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Six Ways to Get Better at Getting Rejected
Allison Beler has auditioned for the Radio City Rockettes more than a dozen times. In 2014, she made it all the way through the final round. "I was waiting on a phone call for a job," she says. The call didn't come.
Rejection is inevitable in dance. But it still hurts. Beler, 31, says she's toughened as she's gotten older, but she still calls her mom and cries as soon as she steps onto the street after being cut.
Your ability to recover from rejection may strengthen with experience, but according to Joel Minden, a clinical psychologist and former ballroom dancer who works with dancers in Chico, California, it's also a skill that can be cultivated.
Avoid "The Three P's"
Pay attention to how you explain a rejection to yourself, Minden says. Watch out for what psychologists call "the three P's": Does it feel personal, permanent or pervasive? "Personal would be, 'I just don't have what it takes to dance at a high level,' " he says, "rather than externalizing the reason and saying, 'The people who rejected me are looking for something else.' " Thinking the situation is permanent means telling yourself you'll never be good enough. And pervasive means thinking it's not an isolated setback but an issue that extends to other areas of dance.
Pay attention to your reasoning, especially if after you land a role you're likely to say you got lucky, rather than acknowledging you're a good dancer who worked hard. The idea that every failure is personal and every success is thanks to external factors isn't just unproductive, it's highly unlikely to be true.
Look at the Evidence
An LA Dance Project audition. Photo by Kyle Froman
If you're telling yourself you didn't make the cut because you're a lousy dancer, look at the data, Minden suggests. What evidence is there that you're a bad dancer? What about evidence that you're a good dancer? Consider the feedback you get from teachers or directors, and whether you're working to constantly improve.
If you're devastated after being rejected—or if your fear of rejection threatens to derail an audition before it begins—remind yourself there's a world outside of this experience. Amanda Lenox, a counselor who works with dancers in New York, suggests asking yourself questions like: What's for dinner? What are you going to wear tomorrow? "Take your mind outside of what's happening in the present," Lenox says. The idea isn't to hide from your feelings—it's to get a little distance until you're ready to address them.
Find Positivity and Productivity
A cattle call for the national tour of A Chorus Line. Photo by Rachel Papo
After a tough audition, Beler sometimes takes herself out to lunch as a treat. Other times, she heads straight to class. "I want to remind myself I belong in this world," she says. "After a two-hour ballet class, I feel like a million bucks. I know I worked on my technique and bettering myself today."
Doing something to make you feel happy or accomplished—or both—can help shake off the funk of rejection. That could mean using your frustration to fuel your dancing, but if you're not ready to take class right away, don't force it. "If you beat yourself up, it's going to prolong the process of healing," Lenox says. "Choose an activity that will make you feel good."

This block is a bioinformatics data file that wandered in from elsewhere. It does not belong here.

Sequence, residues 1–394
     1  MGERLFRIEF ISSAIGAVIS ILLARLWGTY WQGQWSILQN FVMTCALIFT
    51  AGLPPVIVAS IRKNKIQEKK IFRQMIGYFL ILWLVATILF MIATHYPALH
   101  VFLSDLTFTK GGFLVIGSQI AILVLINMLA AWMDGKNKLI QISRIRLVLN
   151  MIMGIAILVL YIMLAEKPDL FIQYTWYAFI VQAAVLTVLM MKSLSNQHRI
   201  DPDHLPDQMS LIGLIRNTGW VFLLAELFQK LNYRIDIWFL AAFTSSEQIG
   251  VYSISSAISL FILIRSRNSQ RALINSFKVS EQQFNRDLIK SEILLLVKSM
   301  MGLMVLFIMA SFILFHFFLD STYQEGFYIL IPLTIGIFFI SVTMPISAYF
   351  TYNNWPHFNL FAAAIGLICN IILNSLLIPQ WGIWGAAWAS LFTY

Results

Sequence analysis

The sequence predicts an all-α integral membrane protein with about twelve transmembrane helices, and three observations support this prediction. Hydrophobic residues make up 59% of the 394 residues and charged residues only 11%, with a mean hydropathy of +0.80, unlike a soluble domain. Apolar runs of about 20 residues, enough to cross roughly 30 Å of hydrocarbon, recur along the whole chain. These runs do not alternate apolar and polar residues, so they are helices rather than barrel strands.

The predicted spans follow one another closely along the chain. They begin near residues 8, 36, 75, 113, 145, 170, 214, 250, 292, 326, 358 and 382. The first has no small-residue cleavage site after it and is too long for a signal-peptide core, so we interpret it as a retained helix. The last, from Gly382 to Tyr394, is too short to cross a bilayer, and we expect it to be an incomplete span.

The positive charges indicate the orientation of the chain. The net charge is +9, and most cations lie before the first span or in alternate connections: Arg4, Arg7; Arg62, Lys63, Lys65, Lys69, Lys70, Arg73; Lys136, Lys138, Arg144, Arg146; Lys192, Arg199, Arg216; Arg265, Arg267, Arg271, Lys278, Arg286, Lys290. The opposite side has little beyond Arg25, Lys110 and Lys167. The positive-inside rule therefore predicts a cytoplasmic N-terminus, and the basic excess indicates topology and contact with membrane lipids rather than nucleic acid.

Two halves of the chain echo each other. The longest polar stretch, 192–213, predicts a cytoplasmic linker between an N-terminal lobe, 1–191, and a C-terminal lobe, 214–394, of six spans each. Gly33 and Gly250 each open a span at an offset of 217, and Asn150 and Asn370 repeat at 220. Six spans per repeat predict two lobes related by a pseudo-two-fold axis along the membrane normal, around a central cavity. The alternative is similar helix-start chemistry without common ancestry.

Fake It Till You Feel it
Auditioning for Brian Brooks. Photo by Jim Lafferty
In dark moments, you may feel like you don't want to dance anymore. Even if that's true, you don't want to make a heat-of-the-moment decision. Remember that emotions are temporary, and that you don't have to let them dictate your behavior. Instead, think about your values, Minden says. If you still love dancing and you know that this latest rejection is just a setback along the way to something you want, you can choose to keep dancing, even if you are upset: "I don't feel like doing it right now, but I'm going to keep at it." Let your thoughts and emotions be authentic—if you're bummed out, let yourself feel bummed out. But you can behave however you want, and that may change how you feel.
Love the Process
The Rockettes. Photo by Rachel Papo
Remind yourself that dance is a journey. Work on a process-oriented outlook: "I'll just keep at it and try to make little improvements every day." Minden says, "Get feedback. Figure out what's going to help you take that next step."
Beler says she won't stop auditioning until she has to. "It's that fire within me that says I'm going to keep striving for this dream until it's physically impossible or until I get a piece of feedback that tells me, 'It's time. You need to be done with this,' " she says. "Dancing like a Rockette and seeing myself looking like a Rockette keep me going back."
When Rachel Hamrick was in the corps of Universal Ballet in Seoul, her determination to strengthen her flexibility turned into a side hobby that would eventually land her a new career. "I was in La Bayadere for the first time, and I was the first girl out for that arabesque sequence in The Kingdom of the Shades," she says. "I had the flexibility, but I was wobbly because I wasn't stretching in the right way. That's when I first started playing around with the idea of the Flexistretcher. It was tied together then, so it was definitely more makeshift," she says with a laugh, "But I trained with it to help me get the correct alignment so that I would have the strength to sustain the whole act."
Now, Hamrick is running her own business, complete with an ever-growing product line and her FLX training method—all because of her initial need to make it through 38 arabesques.
For the new Broadway season, Ellenore Scott has scored two associate choreographer gigs: For Head Over Heels, which starts previews June 23, Scott is working with choreographer Spencer Liff on an original musical mashing up The Go-Go's punk-rock hits with a narrative based on Sir Philip Sidney's 1590 book, Arcadia. Four days after that show opens, she'll head into rehearsals for this fall's King Kong, collaborating with director/choreographer Drew McOnie and a 20-foot gorilla.